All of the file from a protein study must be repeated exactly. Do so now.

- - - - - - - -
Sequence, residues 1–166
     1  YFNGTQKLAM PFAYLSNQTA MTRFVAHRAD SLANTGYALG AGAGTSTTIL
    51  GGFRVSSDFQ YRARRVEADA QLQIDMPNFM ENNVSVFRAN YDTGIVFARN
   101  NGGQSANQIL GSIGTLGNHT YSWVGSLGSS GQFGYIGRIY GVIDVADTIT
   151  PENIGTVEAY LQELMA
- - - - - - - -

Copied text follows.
Sequence, residues 1–166
     1  YFNGTQKLAM PFAYLSNQTA MTRFVAHRAD SLANTGYALG AGAGTSTTIL
    51  GGFRVSSDFQ YRARRVEADA QLQIDMPNFM ENNVSVFRAN YDTGIVFARN
   101  NGGQSANQIL GSIGTLGNHT YSWVGSLGSS GQFGYIGRIY GVIDVADTIT
   151  PENIGTVEAY LQELMA